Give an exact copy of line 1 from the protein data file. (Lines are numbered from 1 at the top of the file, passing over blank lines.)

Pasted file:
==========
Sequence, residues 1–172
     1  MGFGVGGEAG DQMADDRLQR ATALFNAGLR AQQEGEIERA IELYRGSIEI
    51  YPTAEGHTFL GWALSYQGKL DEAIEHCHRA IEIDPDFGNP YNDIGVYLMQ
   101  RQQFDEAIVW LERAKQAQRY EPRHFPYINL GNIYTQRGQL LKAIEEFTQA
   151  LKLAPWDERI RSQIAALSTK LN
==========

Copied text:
Sequence, residues 1–172